Now that he has called a Triple Crown, one wonders if every other race will be a letdown?
"Everything will be the same as it was before as far as my enthusiasm for the races," Collmus said, “but I did jokingly say to my friends last night: 'Now, what?'"
THE NOISE REPORT
1. NBC’s work on the Belmont Stakes was strong overall, especially the moments leading up to the race and the immediate post-race coverage where producer Rob Hyland and director Drew Esocoff were on point using the images and audio of the crowd and the track as part of the narrative. On Sunday I emailed Hyland some of my questions about the broadcast, including some offered by viewers on Twitter.
SI.com: How would you assess the broadcast, particularly the final 30 minutes?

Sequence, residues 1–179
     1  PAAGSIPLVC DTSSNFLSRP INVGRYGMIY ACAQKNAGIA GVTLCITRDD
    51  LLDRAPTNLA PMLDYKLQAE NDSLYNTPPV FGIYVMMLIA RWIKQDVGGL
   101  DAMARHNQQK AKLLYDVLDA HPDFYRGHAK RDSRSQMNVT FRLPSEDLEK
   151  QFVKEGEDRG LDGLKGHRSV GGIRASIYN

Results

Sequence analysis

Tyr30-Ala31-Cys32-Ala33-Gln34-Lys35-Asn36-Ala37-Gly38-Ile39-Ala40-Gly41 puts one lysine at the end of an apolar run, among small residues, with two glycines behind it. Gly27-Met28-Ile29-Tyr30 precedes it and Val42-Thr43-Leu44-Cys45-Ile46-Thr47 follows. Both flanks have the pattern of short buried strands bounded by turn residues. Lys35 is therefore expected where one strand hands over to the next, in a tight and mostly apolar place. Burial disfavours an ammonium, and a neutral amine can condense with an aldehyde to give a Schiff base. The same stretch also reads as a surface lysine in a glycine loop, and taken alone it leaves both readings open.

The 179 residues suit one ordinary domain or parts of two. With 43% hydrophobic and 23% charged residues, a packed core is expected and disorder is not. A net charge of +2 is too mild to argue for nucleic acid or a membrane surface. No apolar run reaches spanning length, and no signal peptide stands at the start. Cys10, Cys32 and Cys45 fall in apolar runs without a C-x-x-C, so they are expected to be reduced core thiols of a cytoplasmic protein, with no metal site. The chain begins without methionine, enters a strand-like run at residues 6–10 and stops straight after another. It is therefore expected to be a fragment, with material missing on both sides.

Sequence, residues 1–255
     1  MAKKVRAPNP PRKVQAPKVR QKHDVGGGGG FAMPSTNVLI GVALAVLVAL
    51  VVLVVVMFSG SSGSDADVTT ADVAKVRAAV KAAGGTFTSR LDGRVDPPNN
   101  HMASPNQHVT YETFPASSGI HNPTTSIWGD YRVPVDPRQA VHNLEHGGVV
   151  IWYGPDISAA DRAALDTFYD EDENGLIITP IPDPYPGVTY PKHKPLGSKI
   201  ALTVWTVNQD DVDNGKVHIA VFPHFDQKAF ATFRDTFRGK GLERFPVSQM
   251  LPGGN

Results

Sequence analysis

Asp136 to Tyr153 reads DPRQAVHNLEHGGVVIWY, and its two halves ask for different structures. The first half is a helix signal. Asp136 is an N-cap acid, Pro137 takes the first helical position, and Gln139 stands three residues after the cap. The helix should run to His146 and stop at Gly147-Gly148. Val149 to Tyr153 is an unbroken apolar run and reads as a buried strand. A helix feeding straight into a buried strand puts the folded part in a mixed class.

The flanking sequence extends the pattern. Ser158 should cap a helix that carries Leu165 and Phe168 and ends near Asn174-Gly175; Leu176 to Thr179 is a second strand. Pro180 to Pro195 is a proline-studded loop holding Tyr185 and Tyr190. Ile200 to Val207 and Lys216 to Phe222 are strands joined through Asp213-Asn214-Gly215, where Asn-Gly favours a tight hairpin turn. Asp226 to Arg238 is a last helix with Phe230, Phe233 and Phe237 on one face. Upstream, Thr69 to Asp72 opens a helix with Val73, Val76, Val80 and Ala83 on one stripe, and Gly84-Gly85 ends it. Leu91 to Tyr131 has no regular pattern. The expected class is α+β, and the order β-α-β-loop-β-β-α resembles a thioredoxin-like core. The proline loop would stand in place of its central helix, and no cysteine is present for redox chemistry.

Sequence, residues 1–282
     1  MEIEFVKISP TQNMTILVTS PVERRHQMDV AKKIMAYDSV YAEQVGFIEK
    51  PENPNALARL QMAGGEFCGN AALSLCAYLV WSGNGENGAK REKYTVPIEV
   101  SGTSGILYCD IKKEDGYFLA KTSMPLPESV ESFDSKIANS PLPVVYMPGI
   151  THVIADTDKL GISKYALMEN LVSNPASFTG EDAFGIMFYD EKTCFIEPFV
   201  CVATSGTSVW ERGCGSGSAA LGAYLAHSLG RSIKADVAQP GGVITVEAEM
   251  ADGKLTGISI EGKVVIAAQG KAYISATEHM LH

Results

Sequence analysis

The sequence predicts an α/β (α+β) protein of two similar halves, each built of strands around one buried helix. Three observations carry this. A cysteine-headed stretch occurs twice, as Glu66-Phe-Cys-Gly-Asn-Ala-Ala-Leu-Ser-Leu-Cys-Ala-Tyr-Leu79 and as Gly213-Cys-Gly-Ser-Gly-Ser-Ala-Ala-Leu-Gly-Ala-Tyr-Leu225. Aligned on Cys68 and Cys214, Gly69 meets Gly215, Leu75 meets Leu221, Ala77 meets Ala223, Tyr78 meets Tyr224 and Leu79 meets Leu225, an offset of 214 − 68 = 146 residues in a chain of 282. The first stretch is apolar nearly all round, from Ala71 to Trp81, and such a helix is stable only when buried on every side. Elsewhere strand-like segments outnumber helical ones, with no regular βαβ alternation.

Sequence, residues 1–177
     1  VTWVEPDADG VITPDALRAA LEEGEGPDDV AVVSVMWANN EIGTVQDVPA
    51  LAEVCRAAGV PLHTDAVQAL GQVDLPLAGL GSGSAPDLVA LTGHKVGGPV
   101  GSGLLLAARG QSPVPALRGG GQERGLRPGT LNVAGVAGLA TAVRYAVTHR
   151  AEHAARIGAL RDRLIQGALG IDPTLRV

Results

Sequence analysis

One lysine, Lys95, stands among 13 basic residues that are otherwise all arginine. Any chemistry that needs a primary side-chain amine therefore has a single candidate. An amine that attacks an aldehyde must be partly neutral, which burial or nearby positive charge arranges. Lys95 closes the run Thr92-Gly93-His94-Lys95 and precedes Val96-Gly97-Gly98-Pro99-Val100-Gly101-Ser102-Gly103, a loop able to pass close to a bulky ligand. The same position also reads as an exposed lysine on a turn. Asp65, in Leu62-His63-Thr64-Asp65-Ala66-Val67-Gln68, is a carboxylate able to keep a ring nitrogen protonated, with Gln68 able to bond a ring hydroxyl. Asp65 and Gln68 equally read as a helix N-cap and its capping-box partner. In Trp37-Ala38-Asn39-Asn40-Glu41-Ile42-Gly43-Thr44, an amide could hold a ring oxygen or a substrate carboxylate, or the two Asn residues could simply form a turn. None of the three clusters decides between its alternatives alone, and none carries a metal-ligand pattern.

Hyland: Overall, I was very pleased with the telecast. I think our production team did a good job presenting the stories of this year’s Belmont and a good job of showcasing all aspects of the story of American Pharoah. I’m proud of how we handled the end of the race. In terms of the full show, the first two hours were tightly formatted with a number of production elements including features, bumpers, animated graphics and race analysis packages. When American Pharoah crossed the finish line, the production philosophy was very simple: document the moment and let the moment speak for itself. When Larry Collmus finished the race call, there was very little said by the announce booth (Tom Hammond, Jerry Bailey and Randy Moss). Director Drew Esocoff and I had discussed the sequence of images as the horse crossed the finish line and I think we captured the scene very well. It was simple but it worked—nothing needed to be said and nothing else from a production standpoint needed to be introduced.